Pat Quinn
(Seth Perlman/AP)
December 30, 2013

Gov. Quinn Sets Priorities For 2014

Gov. Pat Quinn won't say what he thinks should happen when an income tax increase is set to expire in January 2015. 

Quinn tells The Associated Press it'll have to be dealt with in the coming year.  The governor also says he supports a graduated income tax which is based on people's ability to pay.
The Chicago Democrat is wrapping up a year where he signed a fix of Illinois' $100 billion pension problem and legislation legalizing same-sex marriage into law. He says those accomplishments will give him a boost next year.

In a year-end interview with The Associated Press, the Chicago Democrat highlights those accomplishments as evidence of both Illinois' progress and his leadership, hinting at possible re-election themes and saying he isn't concerned about criticism from four Republicans gearing up to take him on.
The four Republicans running in the primary have questioned Quinn's ability to get things done in Springfield. They are venture capitalist Bruce Rauner, state Sen. Bill Brady, state Sen. Kirk Dillard and Treasurer Dan Rutherford.  One Democrat, Tio Hardiman, has filed to challenge Quinn in the primary.
Quinn says he's ready to float another capital construction plan, supports a "progressive'' income tax and is for closing corporate tax loopholes.

Bruce Rauner
(Brian Mackey/IPR)
November 25, 2013

Rauner Made $53 Million In 2012

One of the Republicans running for governor had a very good year in 2012. Bruce Rauner released his tax returns Monday, and says he made more than $53 million.

When people say, don't work for your money, make money work for you, this is what they're talking about.

Rauner's 2012 tax returns show he and his wife made almost all of their money on interest, capital gains, and real estate.

The line on his tax form for W-2s, where most people report "wages, salaries, (and) tips," shows zero dollars.

Rauner is far-and-away the wealthiest candidate among the four men competing for the Republican nomination. That's really saying something, since the others are a former executive, a corporate lawyer, and a real estate developer.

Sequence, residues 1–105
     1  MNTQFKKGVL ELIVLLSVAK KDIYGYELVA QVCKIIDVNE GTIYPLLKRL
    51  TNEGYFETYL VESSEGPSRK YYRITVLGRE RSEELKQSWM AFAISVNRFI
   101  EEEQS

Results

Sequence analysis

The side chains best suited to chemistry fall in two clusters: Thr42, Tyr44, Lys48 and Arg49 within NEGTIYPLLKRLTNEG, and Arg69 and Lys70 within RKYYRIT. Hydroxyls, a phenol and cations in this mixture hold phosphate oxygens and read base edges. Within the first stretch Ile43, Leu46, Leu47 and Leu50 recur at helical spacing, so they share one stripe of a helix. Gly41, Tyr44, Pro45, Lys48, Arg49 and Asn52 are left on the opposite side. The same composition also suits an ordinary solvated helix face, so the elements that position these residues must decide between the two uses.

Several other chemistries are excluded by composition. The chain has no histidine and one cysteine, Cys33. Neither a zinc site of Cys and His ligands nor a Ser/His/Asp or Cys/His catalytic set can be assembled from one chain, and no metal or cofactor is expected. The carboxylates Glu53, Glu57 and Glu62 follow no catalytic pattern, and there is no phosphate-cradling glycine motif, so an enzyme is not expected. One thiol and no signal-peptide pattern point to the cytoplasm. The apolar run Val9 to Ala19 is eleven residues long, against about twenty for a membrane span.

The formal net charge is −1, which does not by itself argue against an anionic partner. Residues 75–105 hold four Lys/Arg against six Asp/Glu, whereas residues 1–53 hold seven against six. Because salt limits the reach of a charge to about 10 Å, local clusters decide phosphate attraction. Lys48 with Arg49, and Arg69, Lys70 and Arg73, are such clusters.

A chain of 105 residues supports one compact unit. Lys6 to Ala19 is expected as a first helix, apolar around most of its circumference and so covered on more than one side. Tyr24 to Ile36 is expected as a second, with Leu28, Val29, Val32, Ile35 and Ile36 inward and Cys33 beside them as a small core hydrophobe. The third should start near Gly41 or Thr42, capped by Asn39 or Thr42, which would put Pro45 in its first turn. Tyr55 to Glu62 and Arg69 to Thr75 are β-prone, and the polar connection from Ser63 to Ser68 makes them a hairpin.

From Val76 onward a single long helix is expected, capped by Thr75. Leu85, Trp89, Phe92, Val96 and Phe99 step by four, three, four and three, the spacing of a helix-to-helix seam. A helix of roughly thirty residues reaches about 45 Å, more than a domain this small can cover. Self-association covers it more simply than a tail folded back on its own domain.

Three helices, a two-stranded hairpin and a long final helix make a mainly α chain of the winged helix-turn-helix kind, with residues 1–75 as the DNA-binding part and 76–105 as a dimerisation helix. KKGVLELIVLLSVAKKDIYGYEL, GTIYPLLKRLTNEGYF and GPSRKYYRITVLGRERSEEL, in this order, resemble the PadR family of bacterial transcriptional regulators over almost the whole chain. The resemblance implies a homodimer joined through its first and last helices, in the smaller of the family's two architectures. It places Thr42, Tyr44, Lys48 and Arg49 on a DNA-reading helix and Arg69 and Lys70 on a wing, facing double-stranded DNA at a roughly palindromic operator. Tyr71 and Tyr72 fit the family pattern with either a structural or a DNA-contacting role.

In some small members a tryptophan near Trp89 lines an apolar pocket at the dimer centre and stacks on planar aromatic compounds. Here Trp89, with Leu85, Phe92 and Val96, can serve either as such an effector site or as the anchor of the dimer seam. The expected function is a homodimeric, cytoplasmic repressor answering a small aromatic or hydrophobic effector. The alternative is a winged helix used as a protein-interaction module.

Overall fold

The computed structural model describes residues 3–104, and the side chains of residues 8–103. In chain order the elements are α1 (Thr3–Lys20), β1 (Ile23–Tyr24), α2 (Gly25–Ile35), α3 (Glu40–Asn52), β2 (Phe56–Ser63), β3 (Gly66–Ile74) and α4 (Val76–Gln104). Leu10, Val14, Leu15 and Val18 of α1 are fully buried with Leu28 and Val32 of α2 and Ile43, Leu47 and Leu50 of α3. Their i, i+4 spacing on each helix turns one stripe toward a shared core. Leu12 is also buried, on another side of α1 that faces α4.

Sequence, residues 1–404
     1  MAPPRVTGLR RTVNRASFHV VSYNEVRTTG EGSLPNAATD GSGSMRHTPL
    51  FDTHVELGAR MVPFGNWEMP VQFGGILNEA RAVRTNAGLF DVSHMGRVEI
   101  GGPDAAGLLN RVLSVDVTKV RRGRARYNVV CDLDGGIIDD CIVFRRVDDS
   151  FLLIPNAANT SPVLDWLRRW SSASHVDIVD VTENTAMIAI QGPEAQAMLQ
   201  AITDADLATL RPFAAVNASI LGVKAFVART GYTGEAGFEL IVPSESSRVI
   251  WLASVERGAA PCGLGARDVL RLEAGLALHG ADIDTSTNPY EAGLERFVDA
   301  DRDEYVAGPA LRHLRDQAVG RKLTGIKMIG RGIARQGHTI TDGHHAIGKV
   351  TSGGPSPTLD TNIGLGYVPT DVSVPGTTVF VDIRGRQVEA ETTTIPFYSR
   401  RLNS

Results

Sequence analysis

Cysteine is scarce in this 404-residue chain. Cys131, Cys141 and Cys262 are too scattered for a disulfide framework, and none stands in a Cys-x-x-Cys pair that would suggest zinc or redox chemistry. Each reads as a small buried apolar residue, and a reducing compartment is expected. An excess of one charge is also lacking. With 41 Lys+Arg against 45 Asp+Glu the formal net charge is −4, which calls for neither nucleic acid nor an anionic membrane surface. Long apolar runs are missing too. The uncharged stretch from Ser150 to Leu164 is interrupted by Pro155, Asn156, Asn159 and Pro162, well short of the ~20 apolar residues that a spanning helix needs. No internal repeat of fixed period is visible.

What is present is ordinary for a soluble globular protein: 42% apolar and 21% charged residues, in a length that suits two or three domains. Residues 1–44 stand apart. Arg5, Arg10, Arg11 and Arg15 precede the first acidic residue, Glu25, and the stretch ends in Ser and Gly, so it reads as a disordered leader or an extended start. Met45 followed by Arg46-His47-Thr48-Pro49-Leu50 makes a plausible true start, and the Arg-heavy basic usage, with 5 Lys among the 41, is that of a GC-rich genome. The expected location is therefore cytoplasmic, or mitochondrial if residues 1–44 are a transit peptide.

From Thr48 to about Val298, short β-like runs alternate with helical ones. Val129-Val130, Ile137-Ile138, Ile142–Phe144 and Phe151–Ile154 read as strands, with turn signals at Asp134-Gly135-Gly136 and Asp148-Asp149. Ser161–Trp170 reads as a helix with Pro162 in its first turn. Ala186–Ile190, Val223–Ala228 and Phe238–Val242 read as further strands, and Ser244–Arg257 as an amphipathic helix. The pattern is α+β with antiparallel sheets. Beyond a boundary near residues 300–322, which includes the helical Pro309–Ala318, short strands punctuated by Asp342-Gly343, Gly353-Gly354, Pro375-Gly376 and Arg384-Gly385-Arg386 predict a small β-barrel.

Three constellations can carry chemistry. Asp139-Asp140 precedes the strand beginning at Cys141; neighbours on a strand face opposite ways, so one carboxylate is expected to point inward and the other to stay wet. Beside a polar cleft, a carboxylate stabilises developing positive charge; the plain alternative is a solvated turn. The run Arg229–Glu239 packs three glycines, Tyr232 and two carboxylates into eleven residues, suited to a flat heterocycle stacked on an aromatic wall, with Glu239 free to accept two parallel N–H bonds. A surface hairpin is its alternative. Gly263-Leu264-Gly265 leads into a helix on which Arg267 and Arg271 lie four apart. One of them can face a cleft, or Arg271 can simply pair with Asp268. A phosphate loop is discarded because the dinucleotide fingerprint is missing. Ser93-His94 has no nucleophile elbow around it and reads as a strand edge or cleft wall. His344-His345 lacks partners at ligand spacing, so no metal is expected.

In a statement, Rauner says he's worked hard for his money, and feels "incredibly blessed" about his success. He says, if elected, he'll put his money in a blind trust.

Kirk DIllard - U of I
(Jeff Bossert/WILL)
November 15, 2013

Dillard Weighs In On Business, Education, And Rauner At U of I

State Senator Kirk Dillard says Illinois is overtaxed and over-regulated, and that’s playing a large part in the unemployment rate.

The Republican Senator and candidate for Illinois governor met Friday with three manufacturers in Danville to discuss what he calls extra regulatory burdens Illinois has versus other Midwestern states.

"We need to have a change in our worker's compensation system that makes us more competitive with places like Indiana, or Wisconsin," he said.  "I am laser-focused on making us a destination economy for people that create jobs."

Meeting with students on the University of Illinois’ Urbana campus, Dillard said the majority of their questions focused on the amount of student loan debt. 

Urbana Democratic Representative Naomi Jakobsson recently introduced a bill that would urge Congress to restore full bankruptcy protections to all student loans.  Dillard said he’d have to review the measure. 

He blames higher tuition rates on the ‘mismanagement’ of Governor Pat Quinn and legislators the past decade. 

He said legislators appear to be close to finding a solution to Illinois' $100-billion pension crisis, but didn't endorse a specific plan Friday.

Dillard said fellow GOP gubernatorial candidate and venture capitalist Bruce Rauner is trying to buy the election. 

His comments come in response to the news that Rauner has placed $500,000 of his own money into his coffers.  Dillard said the March primary will be won on issues, not campaign spending.